Exxon’s Climate Strategy: from Denial to Delay

For decades ExxonMobil has known the realities of their role in creating the climate crisisRather than acting on their own science, they spent a fortune trying to deny it.

Today investors, foreign importers, and consumers are calling on major oil and gas companies like Exxon to reconcile with their complicity and begin making real change–demanding an embrace for clean energy and a reduction in carbon emissions. 

In response to this Exxon has moved on from climate denial and on to climate delay. 

Rather than dealing with their pollution problem right now through common sense emissions reductions efforts, they have continued their deceptive ways by announcing “climate commitments” that commit to marginal emissions reductions and kick the can down the road at the public’s expense. They want to get the pressure off their backs without making concessions.

ExxonMobil’s newest climate strategy relies solely on carbon capture and storage (an unproven and expensive technology) rather than renewables or reducing their overall emissions and production of oil and gas. Furthermore, they want the U.S. government to pay for some of the $100 billion dollars it will take to build just one carbon capture facility. 

What matters for climate is action today. And in that regard Exxon has come up short:

  • Exxon has not committed to any overall emissions reductions (Meanwhile, our certified thermographers find they are polluting methane right now.)
  • Exxon has not committed to Scope 3 emissions reductions (Scope 3 emissions are from the use of their oil and gas, which make up 90-95% of all associated emissions).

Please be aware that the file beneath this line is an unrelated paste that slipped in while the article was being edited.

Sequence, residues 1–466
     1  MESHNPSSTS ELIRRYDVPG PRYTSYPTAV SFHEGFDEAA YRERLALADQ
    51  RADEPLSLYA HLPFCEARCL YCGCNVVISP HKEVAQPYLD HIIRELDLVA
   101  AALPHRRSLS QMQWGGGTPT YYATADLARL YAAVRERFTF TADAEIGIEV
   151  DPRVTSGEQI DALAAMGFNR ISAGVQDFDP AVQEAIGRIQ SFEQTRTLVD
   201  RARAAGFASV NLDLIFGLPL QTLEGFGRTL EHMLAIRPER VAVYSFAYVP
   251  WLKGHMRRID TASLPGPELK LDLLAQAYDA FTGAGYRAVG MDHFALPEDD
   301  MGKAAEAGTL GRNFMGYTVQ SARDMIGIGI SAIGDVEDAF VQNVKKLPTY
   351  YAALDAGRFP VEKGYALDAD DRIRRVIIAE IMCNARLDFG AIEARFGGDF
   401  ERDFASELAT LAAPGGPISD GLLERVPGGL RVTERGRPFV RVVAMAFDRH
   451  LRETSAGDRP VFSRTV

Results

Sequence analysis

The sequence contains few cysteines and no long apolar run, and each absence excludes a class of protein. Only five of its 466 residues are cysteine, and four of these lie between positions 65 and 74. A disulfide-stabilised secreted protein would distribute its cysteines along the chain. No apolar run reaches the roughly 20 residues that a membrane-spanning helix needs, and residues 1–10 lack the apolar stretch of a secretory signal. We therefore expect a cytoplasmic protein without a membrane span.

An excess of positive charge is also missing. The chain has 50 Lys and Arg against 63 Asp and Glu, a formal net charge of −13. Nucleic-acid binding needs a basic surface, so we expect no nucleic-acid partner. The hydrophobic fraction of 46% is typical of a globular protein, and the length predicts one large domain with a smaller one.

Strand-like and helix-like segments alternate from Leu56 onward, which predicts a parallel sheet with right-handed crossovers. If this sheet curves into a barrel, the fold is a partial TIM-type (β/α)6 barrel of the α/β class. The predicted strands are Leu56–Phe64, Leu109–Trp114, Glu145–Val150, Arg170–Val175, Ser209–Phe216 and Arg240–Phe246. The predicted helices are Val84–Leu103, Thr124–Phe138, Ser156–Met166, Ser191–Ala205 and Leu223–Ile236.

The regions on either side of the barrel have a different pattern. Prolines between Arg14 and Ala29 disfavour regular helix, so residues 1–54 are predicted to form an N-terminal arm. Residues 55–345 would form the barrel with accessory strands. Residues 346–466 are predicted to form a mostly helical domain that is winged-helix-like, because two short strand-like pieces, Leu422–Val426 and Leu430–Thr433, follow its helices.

• Exxon has not committed to cutting overall methane emissions
  • Exxon has not committed to reducing production (in fact they had secret plans to increase it)
  • Exxon has not supported measures to require monthly leak detection at wells
  • Exxon has not supported current congressional efforts to reinstate methane rules for oil and gas (Despite claiming they support direct federal methane regulations)

Our best understanding tells us that we must cut greenhouse gas emissions by 50% by the end of the decade, but Exxon has shown a real aversion to doing that–embracing their public relations department over renewable innovation. 

Though they would like you to believe differently, Exxon’s business model hasn’t really changed. It is and always has been to delay the public’s awareness of their risk at all costs. If they were serious about acting on climate they would support rules that require immediate action to cut methane emissions from their production by 65%.